Just to be clear: we were operators, not sound engineers, and hadn't a clue how long the technology had existed or how it worked. Think of us as drivers rather than mechanics. But since we started offering our GB findings as evidence of the paranormal, we soon realized we needed to get a better handle on just what was going on.

We can't help but break into something of a wry smile at skeptical tirades that paranormal investigations employ "pseudoscience." Wry because of the Copenhagan Interpretation of quantum mechanics. (Let's add quantum mechanics to the alphabet soup as QM.) Quantum theory underpins much contemporary electronics -- from transistor radios to lasers to quantum computing. Even though no one can figure out how it works at the quantum level, QM works 100 percent of the time.

So scientists find themselves on the horns of a dilemma: either accept they can't explain it (yet) and use it anyway, or continue to wrestle with the inexplicable. It's like a black box no one can see into but which "spits out" correct answers every time. To accept that it works and let it go at that (QM whiz kid Richard Feynman's ultimate solution) seems metaphysical and unscientific. But that's where QM theory stands.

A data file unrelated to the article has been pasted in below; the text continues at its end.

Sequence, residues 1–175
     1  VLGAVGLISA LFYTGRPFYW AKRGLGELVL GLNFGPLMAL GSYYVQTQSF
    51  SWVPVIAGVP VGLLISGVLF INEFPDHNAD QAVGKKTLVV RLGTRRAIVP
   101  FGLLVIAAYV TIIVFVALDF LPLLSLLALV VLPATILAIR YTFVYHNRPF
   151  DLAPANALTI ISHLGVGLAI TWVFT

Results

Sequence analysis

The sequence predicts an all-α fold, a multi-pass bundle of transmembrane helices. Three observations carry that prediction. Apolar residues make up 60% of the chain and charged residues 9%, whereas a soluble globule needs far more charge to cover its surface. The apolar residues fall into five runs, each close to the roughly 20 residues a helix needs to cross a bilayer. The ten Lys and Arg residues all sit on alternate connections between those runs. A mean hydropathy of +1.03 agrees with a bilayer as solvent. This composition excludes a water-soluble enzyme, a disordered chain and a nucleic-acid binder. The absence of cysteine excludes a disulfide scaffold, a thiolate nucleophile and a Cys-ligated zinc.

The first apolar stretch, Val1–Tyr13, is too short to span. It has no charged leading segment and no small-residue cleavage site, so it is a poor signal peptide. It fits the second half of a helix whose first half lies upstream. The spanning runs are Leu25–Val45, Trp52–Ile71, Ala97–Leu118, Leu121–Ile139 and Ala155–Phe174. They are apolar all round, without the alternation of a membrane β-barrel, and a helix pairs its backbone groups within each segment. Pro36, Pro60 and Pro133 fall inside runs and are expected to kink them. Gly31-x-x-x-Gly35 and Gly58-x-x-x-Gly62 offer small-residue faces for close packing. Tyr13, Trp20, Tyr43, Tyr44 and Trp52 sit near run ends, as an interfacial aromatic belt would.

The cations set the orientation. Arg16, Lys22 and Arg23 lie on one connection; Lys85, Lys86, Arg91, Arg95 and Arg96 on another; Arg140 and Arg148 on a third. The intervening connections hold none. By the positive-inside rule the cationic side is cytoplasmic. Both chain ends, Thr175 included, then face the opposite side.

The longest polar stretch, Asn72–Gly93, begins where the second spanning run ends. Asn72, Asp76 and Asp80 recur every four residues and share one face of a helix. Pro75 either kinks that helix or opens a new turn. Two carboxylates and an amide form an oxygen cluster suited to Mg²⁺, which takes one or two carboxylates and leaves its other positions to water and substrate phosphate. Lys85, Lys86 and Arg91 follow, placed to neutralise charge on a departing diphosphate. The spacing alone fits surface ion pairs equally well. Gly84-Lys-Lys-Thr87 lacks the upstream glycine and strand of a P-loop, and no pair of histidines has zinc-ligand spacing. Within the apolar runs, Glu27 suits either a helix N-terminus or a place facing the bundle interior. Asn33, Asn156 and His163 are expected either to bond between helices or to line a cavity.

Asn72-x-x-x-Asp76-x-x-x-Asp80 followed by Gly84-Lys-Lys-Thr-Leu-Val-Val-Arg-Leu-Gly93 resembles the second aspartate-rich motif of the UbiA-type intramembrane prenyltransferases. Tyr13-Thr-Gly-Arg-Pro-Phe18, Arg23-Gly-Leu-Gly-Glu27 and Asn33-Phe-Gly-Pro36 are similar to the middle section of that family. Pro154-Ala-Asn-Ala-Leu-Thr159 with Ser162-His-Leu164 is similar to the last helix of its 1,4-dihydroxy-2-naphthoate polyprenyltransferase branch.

Ghost boxes are something a "black box" as well. The engineering and circuitry aren't that mysterious -- the devices either scan RF signals or else generate their own random phonemes -- but what results from GB-generated sounds in a paranormal investigation -- that's a whole other realm, literally. Results can seem spot on and undeniable in context.

But do they originate from the supernatural?

We've come full circle to the assumption EVP represent disincarnate voices of personalities surviving into another realm. But the assumption is huge. It's like a potentially faulty syllogism -- the logical construction of two premises and a conclusion in the form of "if A is true, and B is true, then C is true." For EVP, the syllogism might read this way:
  • A: Ghost boxes produce EVP
  • B: EVP are voices of the dead
  • C: Therefore, ghost boxes produce voices of the dead.